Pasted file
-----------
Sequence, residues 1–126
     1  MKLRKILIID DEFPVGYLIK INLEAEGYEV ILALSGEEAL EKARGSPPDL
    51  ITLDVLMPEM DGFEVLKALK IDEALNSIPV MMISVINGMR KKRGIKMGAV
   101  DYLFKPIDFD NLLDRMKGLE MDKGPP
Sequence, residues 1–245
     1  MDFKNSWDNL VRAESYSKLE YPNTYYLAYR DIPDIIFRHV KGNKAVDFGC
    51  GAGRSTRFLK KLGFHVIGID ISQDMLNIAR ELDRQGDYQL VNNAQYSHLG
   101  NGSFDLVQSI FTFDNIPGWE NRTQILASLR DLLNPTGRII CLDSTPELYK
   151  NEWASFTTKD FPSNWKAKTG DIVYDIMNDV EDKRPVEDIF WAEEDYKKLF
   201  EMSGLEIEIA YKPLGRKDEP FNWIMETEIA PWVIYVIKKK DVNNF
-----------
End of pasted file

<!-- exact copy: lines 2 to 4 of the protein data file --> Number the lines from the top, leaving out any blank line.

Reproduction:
     1  MKLRKILIID DEFPVGYLIK INLEAEGYEV ILALSGEEAL EKARGSPPDL
    51  ITLDVLMPEM DGFEVLKALK IDEALNSIPV MMISVINGMR KKRGIKMGAV
   101  DYLFKPIDFD NLLDRMKGLE MDKGPP